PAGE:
DEMOBILISED EDUCATIONAL PARENTING
Hundreds of pupils and their teachers routinely arrived late for the start of lessons in the mornings at Lavela Secondary School in Zola North, Soweto. Some would arrive as late as an hour after the start of the school day.
It took the spectacle of the horrified MEC of Education in Gauteng, Barbara Creecy, standing at the gate of this school watching this mass late coming, to bring this scandal to the attention of the country. Creecy threatened, rightly, fire and brimstone if the situation is not corrected immediately and the following morning, police were at the school to add muscle to her threats.
The obvious and immediate questions that come to mind are: Where are the parents? What do they think and say about that wholly unacceptable situation at the school of their children? Does Lavela Secondary School have a school governing body? Why don't we hear anything about the governing body in this mess? Why do we need the whole MEC of education and the police to attend to a matter like this?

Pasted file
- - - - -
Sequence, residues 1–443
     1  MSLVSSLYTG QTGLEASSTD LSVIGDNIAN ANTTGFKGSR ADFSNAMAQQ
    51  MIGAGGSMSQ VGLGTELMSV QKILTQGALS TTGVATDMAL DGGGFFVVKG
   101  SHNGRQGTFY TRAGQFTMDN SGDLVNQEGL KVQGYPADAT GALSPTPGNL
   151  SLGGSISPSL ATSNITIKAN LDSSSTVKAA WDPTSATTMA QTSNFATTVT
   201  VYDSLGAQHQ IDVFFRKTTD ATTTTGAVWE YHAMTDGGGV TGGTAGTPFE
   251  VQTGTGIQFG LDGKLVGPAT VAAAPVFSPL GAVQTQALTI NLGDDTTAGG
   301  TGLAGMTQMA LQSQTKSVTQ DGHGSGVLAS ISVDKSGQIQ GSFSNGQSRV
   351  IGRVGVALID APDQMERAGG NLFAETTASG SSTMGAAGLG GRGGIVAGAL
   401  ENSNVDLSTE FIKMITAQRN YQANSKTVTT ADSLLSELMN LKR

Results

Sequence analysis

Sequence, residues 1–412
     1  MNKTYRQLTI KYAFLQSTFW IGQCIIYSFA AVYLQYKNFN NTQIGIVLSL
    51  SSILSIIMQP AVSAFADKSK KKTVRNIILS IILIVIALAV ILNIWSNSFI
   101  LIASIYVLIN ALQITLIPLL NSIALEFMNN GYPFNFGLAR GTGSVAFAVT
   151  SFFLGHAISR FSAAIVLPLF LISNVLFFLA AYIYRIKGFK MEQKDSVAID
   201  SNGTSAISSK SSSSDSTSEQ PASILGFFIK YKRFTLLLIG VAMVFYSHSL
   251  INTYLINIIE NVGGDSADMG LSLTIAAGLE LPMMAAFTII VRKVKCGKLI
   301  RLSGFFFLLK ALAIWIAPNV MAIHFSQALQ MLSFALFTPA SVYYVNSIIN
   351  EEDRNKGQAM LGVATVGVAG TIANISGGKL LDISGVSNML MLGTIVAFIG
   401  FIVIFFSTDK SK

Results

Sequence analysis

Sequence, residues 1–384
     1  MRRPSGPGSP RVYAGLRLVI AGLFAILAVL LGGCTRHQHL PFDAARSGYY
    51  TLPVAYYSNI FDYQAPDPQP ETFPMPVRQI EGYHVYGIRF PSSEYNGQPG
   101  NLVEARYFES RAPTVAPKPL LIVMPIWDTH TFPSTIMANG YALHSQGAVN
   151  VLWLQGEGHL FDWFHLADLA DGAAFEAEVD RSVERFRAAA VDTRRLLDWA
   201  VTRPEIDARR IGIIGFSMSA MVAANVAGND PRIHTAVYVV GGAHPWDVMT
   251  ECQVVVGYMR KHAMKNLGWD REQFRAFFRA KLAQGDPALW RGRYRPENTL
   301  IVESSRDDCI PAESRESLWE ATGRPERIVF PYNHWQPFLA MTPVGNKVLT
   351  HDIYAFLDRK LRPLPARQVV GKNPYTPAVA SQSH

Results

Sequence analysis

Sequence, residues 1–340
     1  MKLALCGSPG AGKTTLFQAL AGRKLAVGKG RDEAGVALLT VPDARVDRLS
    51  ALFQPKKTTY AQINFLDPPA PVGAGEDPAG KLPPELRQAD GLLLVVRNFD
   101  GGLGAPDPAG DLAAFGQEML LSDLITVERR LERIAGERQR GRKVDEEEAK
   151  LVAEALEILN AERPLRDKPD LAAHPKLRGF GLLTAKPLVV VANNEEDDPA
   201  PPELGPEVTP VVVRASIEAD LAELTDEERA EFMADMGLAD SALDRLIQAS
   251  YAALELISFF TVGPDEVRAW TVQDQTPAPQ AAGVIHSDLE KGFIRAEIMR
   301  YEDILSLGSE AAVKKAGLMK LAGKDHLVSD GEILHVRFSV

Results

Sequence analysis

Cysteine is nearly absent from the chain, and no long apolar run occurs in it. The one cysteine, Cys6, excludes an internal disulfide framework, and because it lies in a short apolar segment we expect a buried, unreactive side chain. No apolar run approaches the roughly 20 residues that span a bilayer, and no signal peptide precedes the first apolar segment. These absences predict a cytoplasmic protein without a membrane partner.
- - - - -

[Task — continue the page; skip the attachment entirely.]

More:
The month of March 2012 is devoted to the elections of school governing bodies throughout the country. These governing bodies bring together teachers and parents for the proper running of schools.
If the truth be told, the functioning of governing bodies is poor in most township and rural schools. These are also the areas where parental involvement in the education of their children is either non-existent or hopelessly poor. Governing bodies work much better in suburban and more affluent areas of our country.